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Re: [RC] Geology - Barbara McCrary

On the east bay hills, there were several major slippages in the winter of 1997-98. I would say these occurred due to the topsoil being unable to hold onto the subsoil. Whether or not there were cattle on these hills at the time, I don't know. I do know that we had major landslides here at our place in the same winter. We had 71.45" of rain that winter compared to our usual normal average of about 30-32". On one slide, there was a large redwood tree sliding down the hillside on the oozing mud, headed directly for the facilities of the Monterey Bay Salmon and Trout project. We fell the tree so as to stop the sliding, and I think we may have anchored the stump with a cable. On another slide, the whole wall of a bluff slid down, trees, boulders and all, completely obliterating our Powerhouse Grade trail. Later on, we sent a bulldozer operator up the grade to open up the trail. Later yet, the edge of the trail sloughed off down to the creek. You could see where the bulldozer had been, and the tracks just disappeared off the edge of the trail. Now the trail is stable (until we get another rain like that year), but it is narrow and looks down into the creek, about 100 feet below.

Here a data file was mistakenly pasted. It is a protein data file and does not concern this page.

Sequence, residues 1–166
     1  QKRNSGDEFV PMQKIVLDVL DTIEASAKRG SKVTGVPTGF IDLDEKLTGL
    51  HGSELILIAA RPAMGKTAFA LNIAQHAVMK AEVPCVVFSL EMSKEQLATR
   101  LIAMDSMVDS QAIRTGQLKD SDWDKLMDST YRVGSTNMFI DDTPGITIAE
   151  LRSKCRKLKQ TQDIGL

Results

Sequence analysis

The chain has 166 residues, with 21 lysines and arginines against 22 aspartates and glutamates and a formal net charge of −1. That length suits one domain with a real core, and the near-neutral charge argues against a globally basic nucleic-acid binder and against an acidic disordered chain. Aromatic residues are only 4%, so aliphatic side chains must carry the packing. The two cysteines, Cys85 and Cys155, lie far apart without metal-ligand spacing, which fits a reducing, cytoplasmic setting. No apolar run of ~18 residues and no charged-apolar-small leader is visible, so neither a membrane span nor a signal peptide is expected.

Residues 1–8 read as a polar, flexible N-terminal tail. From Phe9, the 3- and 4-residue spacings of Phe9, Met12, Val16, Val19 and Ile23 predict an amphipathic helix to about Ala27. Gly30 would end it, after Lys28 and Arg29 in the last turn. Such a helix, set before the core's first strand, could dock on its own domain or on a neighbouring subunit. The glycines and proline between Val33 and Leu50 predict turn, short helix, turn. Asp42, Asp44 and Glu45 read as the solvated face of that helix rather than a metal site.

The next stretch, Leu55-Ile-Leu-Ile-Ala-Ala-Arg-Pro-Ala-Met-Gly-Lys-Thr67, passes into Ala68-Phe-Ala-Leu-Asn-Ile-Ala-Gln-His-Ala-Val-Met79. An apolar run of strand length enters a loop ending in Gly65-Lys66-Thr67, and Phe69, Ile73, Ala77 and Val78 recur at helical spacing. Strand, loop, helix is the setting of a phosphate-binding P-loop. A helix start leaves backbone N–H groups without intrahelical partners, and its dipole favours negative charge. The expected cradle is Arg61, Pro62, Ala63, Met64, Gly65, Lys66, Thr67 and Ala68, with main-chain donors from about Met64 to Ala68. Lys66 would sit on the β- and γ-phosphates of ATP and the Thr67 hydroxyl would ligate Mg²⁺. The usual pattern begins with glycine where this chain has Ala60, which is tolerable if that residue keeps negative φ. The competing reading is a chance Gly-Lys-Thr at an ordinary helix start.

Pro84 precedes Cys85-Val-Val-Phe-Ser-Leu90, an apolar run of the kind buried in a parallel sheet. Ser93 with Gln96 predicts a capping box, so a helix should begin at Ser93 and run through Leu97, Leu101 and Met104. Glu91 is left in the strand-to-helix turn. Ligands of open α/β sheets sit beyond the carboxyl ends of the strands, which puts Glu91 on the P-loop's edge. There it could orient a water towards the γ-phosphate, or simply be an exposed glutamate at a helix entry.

Farther up the canyon, another slide let loose on the opposite side of the creek, taking with it many huge trees. There was nothing there...no cows, no logging, no human intervention at all. One has to consider that when there is more rain than the land can absorb, something has to give, and in many cases it is a large mass of topsoil that separates from the subsoil and slides downhill. Saturation and gravity...as simple as that.


Barbara




----- Original Message ----- From: <Sheila_Larsen@xxxxxxx>
To: <ridecamp@xxxxxxxxxxxxx>
Sent: Wednesday, May 02, 2007 9:08 AM
Subject: [RC] Geology




I question the conclusion that all those ripples are caused by the soil and
seismic activity. I understand what you said about the geology of soils
and how they were pushed up, but the slippages that I saw after rain and
the occasional earthquake (where the entire hill slid - quite impressive)
didn't appear to cause that kind of rippling. I can see where the soil
(clay) can get soft and pushed down by hooves though. So interesting
hypothesis but would need more information to convince me : . )
Thanks,
Sheila
916.414.6685


A lovely horse is always an experience.... It is an emotional experience of
the kind that is spoiled by words. ~Beryl Markham



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Replies
[RC] Geology, Sheila_Larsen